PODCAST

Episode 318: Abraham Verghese

BY MEGAN LABRISE • May 1, 2023

Bestselling novelist Abraham Verghese returns with a thrilling South Indian saga.

On this week’s episode, Abraham Verghese joins us to discuss The Covenant of Water (Grove, May 2), the highly anticipated follow-up to his blockbuster debut novel, Cutting for Stone (2009), which spent 107 weeks on the New York Times bestseller list. Verghese is an American physician, author of two memoirs (The Tennis Partner, My Own Country), and senior associate chair of the Department of Internal Medicine at Stanford University Medical School. As in Cutting for Stone, medicine plays a large part in The Covenant of Water, the story of three generations of a notable family from Travancore, South India, where a massive system of interwoven waterways feeds burgeoning communities, dictating life and death.

Here’s a bit from Kirkus’ starred review of The Covenant of Water: “Verghese’s narrative mirrors the landscape it is set in, a maze of connecting storylines and biographies so complex and vast that it’s almost a little crazy. But as one of the characters points out, ‘You can’t set out to achieve your goals without a little madness.’ The madness begins in 1900, when a 12-year-old girl is married off to a widower with a young son. She will be known as Ammachi, ‘little mother,’ before she’s even a teenager. Her life is the central stream that flows through the epic landscape of this story, in which drowning is only the most common of the disastrous fates Verghese visits on his beloved characters—burning, impaling, leprosy, opium addiction, hearing loss, smallpox, birth defects, political fanaticism, and so much more, though many will also receive outsized gifts in artistic ability, intellect, strength, and prophecy.…What a joy to experience the exquisite, uniquely literary delight of all the pieces falling into place in a way one really did not see coming.”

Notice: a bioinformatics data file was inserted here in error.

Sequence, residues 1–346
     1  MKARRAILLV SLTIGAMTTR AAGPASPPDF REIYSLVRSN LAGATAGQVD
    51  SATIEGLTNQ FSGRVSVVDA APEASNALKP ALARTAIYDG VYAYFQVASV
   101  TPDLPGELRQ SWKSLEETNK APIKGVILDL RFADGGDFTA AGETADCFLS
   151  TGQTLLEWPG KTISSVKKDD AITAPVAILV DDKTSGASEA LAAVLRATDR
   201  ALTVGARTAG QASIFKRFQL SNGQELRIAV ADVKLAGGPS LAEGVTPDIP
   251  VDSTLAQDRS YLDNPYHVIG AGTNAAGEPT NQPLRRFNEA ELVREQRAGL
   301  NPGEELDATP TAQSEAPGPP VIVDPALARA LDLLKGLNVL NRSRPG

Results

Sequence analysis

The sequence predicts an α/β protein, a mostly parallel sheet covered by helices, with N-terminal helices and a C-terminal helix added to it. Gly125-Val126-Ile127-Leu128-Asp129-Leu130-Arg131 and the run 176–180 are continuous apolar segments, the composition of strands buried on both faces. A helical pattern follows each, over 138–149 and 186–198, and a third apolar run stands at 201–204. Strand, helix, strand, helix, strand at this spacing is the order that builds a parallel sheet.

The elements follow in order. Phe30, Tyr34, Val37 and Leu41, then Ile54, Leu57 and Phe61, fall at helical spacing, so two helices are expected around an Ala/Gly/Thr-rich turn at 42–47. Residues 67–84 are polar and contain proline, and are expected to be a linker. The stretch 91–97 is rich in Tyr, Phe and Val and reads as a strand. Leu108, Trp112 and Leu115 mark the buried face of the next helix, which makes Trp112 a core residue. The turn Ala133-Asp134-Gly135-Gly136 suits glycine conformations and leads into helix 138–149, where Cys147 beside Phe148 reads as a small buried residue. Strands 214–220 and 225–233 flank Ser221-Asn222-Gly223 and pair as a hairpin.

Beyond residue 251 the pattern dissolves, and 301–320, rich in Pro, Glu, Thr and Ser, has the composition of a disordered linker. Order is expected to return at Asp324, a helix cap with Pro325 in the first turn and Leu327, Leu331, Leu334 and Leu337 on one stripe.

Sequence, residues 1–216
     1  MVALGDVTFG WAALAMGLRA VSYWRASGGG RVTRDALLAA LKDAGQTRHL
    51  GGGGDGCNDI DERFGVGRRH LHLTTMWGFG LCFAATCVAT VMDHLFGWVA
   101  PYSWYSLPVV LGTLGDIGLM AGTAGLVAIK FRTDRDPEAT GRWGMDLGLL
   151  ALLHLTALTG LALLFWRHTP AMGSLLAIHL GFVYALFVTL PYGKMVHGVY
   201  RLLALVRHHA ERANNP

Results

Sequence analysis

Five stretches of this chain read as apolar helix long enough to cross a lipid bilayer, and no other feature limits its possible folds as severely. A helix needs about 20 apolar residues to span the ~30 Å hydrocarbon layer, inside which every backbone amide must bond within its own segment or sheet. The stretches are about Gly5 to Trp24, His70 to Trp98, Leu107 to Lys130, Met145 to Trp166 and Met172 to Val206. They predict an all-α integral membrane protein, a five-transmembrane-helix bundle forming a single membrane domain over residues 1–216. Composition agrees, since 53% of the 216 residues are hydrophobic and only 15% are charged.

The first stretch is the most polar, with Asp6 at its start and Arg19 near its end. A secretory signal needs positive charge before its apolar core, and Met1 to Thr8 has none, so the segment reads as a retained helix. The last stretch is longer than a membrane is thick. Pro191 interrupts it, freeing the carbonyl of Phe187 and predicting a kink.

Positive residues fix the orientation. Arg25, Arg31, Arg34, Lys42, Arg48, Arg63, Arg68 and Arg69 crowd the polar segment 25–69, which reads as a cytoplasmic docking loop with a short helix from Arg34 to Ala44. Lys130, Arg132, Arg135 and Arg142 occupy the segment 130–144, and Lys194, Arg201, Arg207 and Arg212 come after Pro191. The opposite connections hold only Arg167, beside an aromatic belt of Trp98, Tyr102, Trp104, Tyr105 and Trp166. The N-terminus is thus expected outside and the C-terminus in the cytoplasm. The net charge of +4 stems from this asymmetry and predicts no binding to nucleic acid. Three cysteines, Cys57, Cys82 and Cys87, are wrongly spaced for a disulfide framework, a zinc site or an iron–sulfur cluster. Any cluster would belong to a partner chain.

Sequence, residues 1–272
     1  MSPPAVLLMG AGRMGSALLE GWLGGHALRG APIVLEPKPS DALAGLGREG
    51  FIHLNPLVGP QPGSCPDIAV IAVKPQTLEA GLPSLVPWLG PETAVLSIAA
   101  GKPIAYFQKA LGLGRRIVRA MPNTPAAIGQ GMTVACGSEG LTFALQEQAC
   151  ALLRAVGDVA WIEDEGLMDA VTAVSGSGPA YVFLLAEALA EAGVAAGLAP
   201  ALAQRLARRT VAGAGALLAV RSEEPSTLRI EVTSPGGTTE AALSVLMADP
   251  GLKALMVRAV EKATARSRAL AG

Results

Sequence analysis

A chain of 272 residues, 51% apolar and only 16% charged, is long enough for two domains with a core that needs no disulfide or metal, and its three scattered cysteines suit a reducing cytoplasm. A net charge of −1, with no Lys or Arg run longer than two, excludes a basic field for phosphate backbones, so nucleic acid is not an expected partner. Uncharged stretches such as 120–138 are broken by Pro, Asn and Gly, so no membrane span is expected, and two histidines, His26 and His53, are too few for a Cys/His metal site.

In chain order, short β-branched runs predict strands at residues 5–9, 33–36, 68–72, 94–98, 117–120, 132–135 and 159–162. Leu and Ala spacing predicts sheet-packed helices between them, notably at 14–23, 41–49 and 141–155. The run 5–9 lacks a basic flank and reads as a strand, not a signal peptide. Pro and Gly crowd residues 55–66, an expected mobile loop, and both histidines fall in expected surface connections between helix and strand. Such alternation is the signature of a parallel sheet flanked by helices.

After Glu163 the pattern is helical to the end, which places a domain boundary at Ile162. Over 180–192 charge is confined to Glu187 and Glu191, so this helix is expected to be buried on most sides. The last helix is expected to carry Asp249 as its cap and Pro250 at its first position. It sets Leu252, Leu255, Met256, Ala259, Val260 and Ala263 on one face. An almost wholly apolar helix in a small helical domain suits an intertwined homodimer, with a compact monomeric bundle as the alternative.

Verghese and host Megan Labrise talk about one of the novel’s epigraphs, from Rabindranath Tagore: “Not hammer-strokes, but dance of water, sings the pebbles into perfection”; how poetry may influence fiction; human intervention in the natural world; hubris as a tragic flaw; and the character who will become known as Ammachi. Verghese reads aloud from the book, which leads to a discussion of family secrets; why the book is told in 10 parts; the illustrations that adorn each section; whether he considers The Covenant of Water a love story; why physicians must learn bedside medicine; and much more.

And in a sponsored interview, Megan welcomes Nana Kwame Adjei-Brenyah, author of Chain-Gang All-Stars (Pantheon, May 2), the electrifying debut novel from the author of the critically acclaimed story collection Friday Black. Kirkus: “Imagine ‘The Hunger Games’ refashioned into a rowdy, profane, and indignant blues shout at full blast” (starred review).

Then editors Laura Simeon, Mahnaz Dar, and Laurie Muchnick share their top picks in books for the week.

 

Editors’ picks:

Nigeria Jones by Ibi Zoboi (Balzer + Bray/HarperCollins)

The Eyes and the Impossible by Dave Eggers, illus. by Shawn Harris (Knopf)

The Ferryman by Justin Cronin (Ballantine)

 

Also mentioned on this episode:

Revolution in Our Time: The Black Panther Party’s Promise to the People by Kekla Magoon (Candlewick)

The White Bone by Barbara Gowdy (Henry Holt)

Orphan Island by Laurel Synder (Walden Pond Press/HarperCollins)

 

Thanks to our sponsors:

Beginning of Arrogance by Bryan Cole

Shotgun Johanna by R.M. Burgess

A Few Murders in My Neighborhood by Henry Olek

Hyde and Zeke: Cutie and the Beast by Josh Langston

 

 

Fully Booked is produced by Cabel Adkins Audio and Megan Labrise.

 

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